If you were to see only one of these monuments, prefer Omokdae, which is more scenic.
Omokdae Korean traditional pavilion in Jeonju
In Korean: 오목대 (Omokdae), 이목대 (Imokdae) Address: 55 Girin-daero, Wansan-gu Open year-round. Free admission.
Jaman Mural Village:
Not far from the two pavilions Omokdae and Imokdae, there is an old area of Jeonju, a little abandoned, which has been revitalized by the realization of murals. Many depict characters from Studio Ghibli animated films (Totoro, Howl’s Moving Castle, etc.) or are representations linked to popular culture.
These very colorful representations give freshness to this place and make the walk a very pleasant moment, even though we are in a disadvantaged neighborhood.
In Korean: 자만벽화마을 (Jaman byeokhwa maeul) Address: 1-10, Jamandong 1-gil, Wansan-gu Open year-round. Free admission.
Jeonju is known as the “city of taste” due to three elements: the cultivation of rice in the plain of Honam, the cultivation of wild vegetables in the surrounding mountains, and fishing in the waters of the Yellow Sea.
UNESCO has included Jeonju in its network of “creative cities” because the city has made enormous efforts to maintain a centuries-old culinary tradition: exchanges with other Cities of Gastronomy, participation in international forums, support for local chefs, etc. In short, it is a city where you can eat divinely well.
The bibimbap, this essential dish:
Bibimbap, which means “mixed rice,” is a classic dish from the Korean culinary repertoire. It is made of rice topped with a variety of vegetables and meat, to be mixed with red chili paste (gochujang). A good balanced bibimbap should have at least the five basic colors (yellow, white, red, black, and green) and the five basic flavors (sweet, salty, salty, spicy, and bitter). It is usually served in a heated stone bowl, which makes the rice crackle, but it can also be enjoyed cold.
Jeonju’s version uses bean sprouts (kongnamul), and the rice is cooked in beef bone broth. The filling is also more elaborate, pushing the flavors to the extreme. If we add acorn jelly (hwangpo muk) and beef tartare (yukhwe), then we have a very chic dish… and very expensive!
There are, of course, other specialties to try, such as cow hoof soup (ujok tang), bean sprout rice soup (kongnamul gukbap), or jajangmyeon noodles with water (mul jajangmyeon). Let yourself go and try them all!
Where to eat bibimbap in Jeonju:
- Hanguk-jip at 119 Eojin-gil: This restaurant has been serving the traditional version since 1952.
- Gyodong Croquette, at 126 Gyeonggijeon-gil: This street restaurant serves fried buns or baguettes filled with bibimbap for 3,000 won (approx. €2.2). Inventive!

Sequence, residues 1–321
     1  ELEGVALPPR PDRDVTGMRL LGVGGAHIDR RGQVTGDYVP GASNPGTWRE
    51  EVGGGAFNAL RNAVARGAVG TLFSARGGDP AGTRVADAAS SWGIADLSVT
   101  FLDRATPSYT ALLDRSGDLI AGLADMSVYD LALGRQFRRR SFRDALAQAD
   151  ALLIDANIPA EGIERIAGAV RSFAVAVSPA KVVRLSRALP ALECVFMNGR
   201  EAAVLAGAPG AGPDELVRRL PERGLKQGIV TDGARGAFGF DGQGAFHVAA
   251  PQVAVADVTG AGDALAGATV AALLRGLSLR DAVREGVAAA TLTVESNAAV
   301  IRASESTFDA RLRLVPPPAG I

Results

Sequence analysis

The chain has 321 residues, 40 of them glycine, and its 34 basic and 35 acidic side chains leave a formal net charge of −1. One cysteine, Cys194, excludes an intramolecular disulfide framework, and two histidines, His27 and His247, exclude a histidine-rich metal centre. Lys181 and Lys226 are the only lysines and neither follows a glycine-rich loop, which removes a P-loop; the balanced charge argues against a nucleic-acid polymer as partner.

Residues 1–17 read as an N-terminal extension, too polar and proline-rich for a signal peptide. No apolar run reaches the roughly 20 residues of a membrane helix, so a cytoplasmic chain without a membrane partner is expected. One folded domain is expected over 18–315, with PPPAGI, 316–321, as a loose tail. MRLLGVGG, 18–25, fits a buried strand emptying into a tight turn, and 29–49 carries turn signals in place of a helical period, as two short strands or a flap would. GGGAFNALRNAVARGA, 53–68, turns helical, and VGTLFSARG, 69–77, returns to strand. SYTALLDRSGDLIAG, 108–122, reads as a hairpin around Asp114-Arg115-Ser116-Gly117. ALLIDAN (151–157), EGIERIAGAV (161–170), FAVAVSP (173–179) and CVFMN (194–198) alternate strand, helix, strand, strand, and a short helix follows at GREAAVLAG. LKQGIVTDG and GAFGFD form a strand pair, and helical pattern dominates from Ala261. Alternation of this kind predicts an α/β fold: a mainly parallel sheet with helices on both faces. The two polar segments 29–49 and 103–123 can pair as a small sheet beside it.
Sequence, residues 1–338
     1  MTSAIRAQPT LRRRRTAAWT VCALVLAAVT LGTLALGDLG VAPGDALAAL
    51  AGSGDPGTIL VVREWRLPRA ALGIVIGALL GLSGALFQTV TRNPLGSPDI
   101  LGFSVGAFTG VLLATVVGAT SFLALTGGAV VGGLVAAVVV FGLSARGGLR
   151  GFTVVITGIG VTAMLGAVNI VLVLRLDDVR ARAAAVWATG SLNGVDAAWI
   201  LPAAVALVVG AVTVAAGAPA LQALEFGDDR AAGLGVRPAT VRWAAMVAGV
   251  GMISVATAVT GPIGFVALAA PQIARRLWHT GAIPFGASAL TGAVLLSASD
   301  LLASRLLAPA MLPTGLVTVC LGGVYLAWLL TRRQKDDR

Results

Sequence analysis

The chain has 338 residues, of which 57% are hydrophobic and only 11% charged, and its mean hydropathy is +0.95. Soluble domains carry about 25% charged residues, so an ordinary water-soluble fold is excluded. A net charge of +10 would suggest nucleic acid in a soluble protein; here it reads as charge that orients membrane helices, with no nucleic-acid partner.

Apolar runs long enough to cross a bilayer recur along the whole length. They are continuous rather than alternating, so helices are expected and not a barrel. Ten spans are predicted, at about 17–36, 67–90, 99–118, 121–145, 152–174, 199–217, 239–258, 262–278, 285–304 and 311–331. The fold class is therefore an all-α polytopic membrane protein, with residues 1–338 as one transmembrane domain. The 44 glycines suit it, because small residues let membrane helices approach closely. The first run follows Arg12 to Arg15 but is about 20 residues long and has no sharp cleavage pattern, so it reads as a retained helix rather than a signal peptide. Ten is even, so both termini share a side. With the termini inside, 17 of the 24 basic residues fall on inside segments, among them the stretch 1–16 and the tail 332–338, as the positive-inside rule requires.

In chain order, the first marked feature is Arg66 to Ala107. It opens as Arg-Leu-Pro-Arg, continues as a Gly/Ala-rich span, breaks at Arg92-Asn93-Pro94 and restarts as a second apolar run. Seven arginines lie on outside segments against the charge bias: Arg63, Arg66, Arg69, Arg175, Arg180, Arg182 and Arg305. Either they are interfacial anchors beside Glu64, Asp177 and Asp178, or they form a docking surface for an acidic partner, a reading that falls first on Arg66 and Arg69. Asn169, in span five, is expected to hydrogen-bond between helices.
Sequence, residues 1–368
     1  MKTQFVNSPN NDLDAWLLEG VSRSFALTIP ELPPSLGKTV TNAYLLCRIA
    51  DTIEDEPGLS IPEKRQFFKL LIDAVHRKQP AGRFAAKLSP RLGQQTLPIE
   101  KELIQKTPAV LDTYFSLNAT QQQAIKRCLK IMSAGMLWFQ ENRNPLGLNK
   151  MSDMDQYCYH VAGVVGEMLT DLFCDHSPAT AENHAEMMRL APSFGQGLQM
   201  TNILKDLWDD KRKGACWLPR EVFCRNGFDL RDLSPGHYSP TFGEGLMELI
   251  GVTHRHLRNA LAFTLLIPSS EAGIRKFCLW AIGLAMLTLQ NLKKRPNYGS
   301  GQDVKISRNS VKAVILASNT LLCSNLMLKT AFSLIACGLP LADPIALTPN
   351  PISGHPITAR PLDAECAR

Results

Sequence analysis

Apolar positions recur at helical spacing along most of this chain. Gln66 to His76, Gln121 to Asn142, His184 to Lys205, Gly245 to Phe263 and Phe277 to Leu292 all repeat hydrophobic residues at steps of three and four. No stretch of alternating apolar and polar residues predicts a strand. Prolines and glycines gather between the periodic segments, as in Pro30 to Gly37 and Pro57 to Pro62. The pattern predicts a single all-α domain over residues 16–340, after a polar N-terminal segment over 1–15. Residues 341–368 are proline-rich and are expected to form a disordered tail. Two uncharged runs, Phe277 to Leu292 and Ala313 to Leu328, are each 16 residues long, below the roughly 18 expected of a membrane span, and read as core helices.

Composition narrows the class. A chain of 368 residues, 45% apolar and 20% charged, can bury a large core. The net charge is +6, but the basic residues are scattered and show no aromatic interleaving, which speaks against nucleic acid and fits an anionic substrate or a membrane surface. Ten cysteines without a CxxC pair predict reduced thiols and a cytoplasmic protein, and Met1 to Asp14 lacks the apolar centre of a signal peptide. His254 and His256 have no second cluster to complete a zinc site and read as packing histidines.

Gyodong Dawon Tea House:
There are several very nice teahouses in Jeonju, but this one is my favorite. We are here in a traditional wooden house with a wide opening towards the garden through which we enter. The place is quiet and conducive to meditation and high-quality tea.
If there were no more places, try your luck at Daho, at 12-3 Taejo-ro.
In Korean: 교동다원 (Gyodong dawon) Address: 65-5 Eunhaeng-ro, Gyo-dong, Wansan-gu Open every day except Tuesday, from 11 am to 10:30 pm.
There is a saying that no wedding can take place without going to the Nambu market! That’s because in Nambu, you can literally find everything, from furniture to
clothes, and, of course, food! This incredible market is well-known for its nightlife: the crowd rushes through the narrow aisles, doesn’t hesitate to wait long minutes to access street food dishes to take away; it’s vibrant and exhilarating. It’s a must-visit in the early evening before heading back to Seoul.
In Korean: 전주 남부시장 (Jeonju Nambu sijang) Address: 2-242 Jeonong 3-ga, Wansan-gu, Open year-round. Free admission.
Jeonju, the cultural hub:
Jeonju International Sori Festival:
Every year, at the beginning of October, this traditional music event enchants music lovers. From pansori, the Korean sung story, to world music, it’s an opportunity to make great musical discoveries. ‘Sori’ means both ‘sound’ and ‘voice’ in Korean. The festival dates back to the early 2000s and lasts a few days.
In Korean: 전주 세계소리축제 Address: 1F Conference Hall, Sori Arts Center of Jeollabuk-do, Sori-ro 31, Deockjin-gu, Jeonju-si Website: www.sorifestival.com
Hanji making workshops:
Hanji is the name given to traditional Korean paper. Made from long mulberry fibers, it is as fine as Japanese paper, and Jeonju has made it one of its tourist attractions. To boast of its sturdiness and durability, a proverb says that Korean paper lasts 1000 years, while silk only lasts 500 years. It is used in various artistic fields, including painting, calligraphy, crafts, and architecture.
If you particularly like Korean paper, a visit to the hanji museum in Deokjin-gu district is a must. It exhibits more than 3,000 objects, and you can learn about all the manufacturing steps. But this museum is relatively far from the hanok village, so I invite you to go to the Fan Cultural Center instead, where you can make your own hanji fan. A beautiful souvenir to bring back from your stay!
In Korean: 전주부채문화관 (Jeonju buchae munhwagwan) Address: 93 Gyeonggijeon-gil, Wansangu Open year-round. Free admission.
How to get to Jeonju?
Reaching Jeonju by train from Seoul: KTX bullet trains depart from Seoul or Yongsan stations, with 6 daily trips. You can reach Jeonju in about 1h50, for an amount of 34,600 won (about 25 USD). Ordinary trains depart from Yongsan station, and while they are cheaper (13,800 won, approx. 10 USD), they will take you 2h40 to travel. Once there, take a taxi from Jeonju station to the village, counting around 6,000 to 8,000 won (approx. 4.5 to 6 USD).
Reaching Jeonju by bus from Seoul: There is a special shuttle that allows you to reach Jeonju by bus from Seoul. Read our article which explains everything in detail: The shuttle bus to the Jeonju hanok village. If you want to use a local bus, you can catch one at the Express Bus Terminal or Nambu Terminal in Seoul. In both cases, count 2h50 for the journey.
Getting around Jeonju: Walking is recommended as everything can be done on foot. But you can rent Segways, scooters, or electric bikes, starting from 8,000 won (6 USD) for half a day.
Finally, I give you the link to the website of the city of Jeonju (in English): it will provide you with additional helpful information.
I hope this comprehensive guide helps you plan a day trip to beautiful Jeonju. It is a city that is definitely worth visiting in South Korea. Enjoy your trip!